The ‘Dogbnb’ Wars Escalate: Rover Raises $3.4M in Round Led By Madrona

Finding a place for your pooch while you’re away should be getting easier. Rover, a Seattle-based startup that is trying to disrupt the kennel market, said it has raised $3.4 million in a round led by Madrona Venture Group. It’s one of several startups that are vying to be the online marketplace for pet owners that need a sitter or a place for their dogs to stay when they’re out of town.

“This addresses a real, concrete problem,” said the company’s chief executive Aaron Easterly. “There are more dog-owning households than households with children in the U.S.”

Easterly said that kennels or pet hotels are often too pricey to be reasonable. It can range from being about $30 a night to upwards of $80 or 90 at higher-end places. Plus, they might charge extra for walks or playing fetch.

“It’s a pretty wild scenario, but you could end up paying $100 per night. The existing commercial solutions fail 90 percent of the market,” Easterly said. “Then there’s this untapped skilled labor force that loves to do this.”

Madrona was an easy pick to lead Rover’s round because of the company’s unusual history. The idea for the startup actually came from a Madrona managing director, Greg Gottesman, during a Seattle Startup Weekend after he had a terrible experience with a commercial kennel. Gottesman later found Easterly, a former general manager of network strategy and monetization at Microsoft, to run the company. CrunchFund is also participating in the round.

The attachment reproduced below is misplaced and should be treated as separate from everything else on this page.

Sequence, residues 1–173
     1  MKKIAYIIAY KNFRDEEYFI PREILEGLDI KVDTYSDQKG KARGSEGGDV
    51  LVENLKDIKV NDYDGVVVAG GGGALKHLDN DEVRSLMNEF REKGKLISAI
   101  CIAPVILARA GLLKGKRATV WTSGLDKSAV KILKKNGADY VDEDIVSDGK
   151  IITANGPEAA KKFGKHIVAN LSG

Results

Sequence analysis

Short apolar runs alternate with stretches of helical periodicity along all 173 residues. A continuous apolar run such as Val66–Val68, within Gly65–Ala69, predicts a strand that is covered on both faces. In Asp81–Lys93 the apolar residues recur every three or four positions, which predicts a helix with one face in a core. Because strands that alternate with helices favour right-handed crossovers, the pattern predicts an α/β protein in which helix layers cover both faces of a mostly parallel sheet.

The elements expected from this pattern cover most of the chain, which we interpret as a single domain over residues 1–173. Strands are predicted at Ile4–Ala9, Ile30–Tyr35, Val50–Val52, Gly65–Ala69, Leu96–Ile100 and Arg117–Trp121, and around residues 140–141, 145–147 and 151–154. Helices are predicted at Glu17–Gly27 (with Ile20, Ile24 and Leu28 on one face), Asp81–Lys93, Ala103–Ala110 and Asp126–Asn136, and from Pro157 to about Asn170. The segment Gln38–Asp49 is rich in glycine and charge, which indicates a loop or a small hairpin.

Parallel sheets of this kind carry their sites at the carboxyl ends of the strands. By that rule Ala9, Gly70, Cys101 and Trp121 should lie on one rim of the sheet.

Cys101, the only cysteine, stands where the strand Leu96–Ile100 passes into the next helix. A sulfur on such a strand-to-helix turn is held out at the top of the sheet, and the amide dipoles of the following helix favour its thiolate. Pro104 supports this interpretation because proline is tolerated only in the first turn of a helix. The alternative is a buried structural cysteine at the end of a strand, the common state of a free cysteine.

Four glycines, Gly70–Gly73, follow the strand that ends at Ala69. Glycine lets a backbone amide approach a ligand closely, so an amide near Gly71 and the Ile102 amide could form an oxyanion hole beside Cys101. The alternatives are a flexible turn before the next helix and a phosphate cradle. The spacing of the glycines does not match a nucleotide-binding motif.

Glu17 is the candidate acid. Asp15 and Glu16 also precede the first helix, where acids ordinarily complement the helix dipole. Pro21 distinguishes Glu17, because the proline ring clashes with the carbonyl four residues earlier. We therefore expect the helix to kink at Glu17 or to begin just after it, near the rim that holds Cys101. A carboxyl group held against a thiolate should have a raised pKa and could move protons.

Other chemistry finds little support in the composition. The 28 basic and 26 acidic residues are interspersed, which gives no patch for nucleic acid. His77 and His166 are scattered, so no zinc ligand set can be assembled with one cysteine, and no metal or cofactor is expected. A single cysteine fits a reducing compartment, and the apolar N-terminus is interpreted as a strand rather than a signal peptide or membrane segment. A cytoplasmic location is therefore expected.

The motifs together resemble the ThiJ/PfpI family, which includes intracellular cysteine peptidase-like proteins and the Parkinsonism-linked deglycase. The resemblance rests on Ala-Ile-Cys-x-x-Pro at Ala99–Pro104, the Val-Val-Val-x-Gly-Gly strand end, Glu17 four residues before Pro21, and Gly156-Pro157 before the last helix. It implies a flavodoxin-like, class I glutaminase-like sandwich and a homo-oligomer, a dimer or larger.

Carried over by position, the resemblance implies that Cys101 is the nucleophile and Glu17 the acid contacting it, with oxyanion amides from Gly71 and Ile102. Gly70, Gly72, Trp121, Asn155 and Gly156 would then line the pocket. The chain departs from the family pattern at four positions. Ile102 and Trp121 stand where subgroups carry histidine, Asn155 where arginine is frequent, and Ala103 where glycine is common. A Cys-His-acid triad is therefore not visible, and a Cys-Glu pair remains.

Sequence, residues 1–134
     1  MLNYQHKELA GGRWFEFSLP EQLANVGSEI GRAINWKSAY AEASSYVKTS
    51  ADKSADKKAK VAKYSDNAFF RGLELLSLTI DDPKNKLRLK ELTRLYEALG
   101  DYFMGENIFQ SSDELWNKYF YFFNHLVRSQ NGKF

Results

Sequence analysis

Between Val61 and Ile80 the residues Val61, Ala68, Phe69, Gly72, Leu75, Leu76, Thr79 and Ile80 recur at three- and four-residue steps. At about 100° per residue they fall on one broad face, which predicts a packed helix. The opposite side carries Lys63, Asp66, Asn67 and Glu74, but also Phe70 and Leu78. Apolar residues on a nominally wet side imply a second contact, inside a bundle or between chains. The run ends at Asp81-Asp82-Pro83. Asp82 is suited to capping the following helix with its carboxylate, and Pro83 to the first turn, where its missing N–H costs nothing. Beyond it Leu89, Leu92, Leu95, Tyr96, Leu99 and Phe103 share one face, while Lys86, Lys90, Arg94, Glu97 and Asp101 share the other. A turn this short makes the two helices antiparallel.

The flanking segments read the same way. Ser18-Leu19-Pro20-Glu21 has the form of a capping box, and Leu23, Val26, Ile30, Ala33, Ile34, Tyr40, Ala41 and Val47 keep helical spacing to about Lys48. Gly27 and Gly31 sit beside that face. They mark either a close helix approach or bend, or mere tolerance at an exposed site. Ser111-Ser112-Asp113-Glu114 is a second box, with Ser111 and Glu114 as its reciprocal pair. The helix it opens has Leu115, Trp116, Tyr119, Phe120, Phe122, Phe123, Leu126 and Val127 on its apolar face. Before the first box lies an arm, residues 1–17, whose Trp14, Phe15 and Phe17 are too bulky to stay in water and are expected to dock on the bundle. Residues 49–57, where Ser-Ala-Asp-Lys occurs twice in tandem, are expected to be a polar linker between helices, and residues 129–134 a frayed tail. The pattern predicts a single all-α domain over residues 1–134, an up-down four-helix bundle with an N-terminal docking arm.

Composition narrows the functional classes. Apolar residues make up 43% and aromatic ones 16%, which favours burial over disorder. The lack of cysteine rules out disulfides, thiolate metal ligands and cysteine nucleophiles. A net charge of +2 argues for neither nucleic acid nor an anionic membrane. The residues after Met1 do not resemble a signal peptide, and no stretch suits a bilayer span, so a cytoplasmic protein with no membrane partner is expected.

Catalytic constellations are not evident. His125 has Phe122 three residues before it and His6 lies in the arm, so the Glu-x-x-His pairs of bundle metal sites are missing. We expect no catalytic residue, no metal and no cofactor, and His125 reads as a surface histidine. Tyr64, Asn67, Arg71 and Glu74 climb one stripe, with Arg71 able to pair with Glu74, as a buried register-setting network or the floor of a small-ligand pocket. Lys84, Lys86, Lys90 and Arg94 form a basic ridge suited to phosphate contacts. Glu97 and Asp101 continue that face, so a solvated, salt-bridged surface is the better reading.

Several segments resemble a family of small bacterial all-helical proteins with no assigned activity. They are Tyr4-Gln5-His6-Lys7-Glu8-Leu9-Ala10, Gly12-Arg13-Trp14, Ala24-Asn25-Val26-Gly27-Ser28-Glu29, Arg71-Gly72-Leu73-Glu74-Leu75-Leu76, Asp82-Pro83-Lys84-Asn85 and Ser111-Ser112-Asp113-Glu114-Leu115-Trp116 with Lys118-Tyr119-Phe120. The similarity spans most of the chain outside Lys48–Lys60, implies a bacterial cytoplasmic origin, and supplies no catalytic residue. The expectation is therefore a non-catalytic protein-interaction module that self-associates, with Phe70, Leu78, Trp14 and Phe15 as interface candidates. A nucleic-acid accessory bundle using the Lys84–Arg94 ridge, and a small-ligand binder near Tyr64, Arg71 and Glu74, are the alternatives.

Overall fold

With the funding, Rover plans to roll out to more locations. The company already has a presence in 500 cities and has about 10,000 active members. Rover partners closely with dog care professional organizations to find qualified sitters. Rover’s revenue share starts at 15 percent, but it can go lower to about 3 percent.

“We filter and vet base all of the sitters,” Easterly said. “Only a minority of people who want to become sitters actually get displayed and put on the site.”

Rover faces competition from companies like DogVacay out of Los Angeles, but Easterly is mostly concerned about the bigger market out there and getting pet owners to consider more than just using kennels or their neighbors and friends.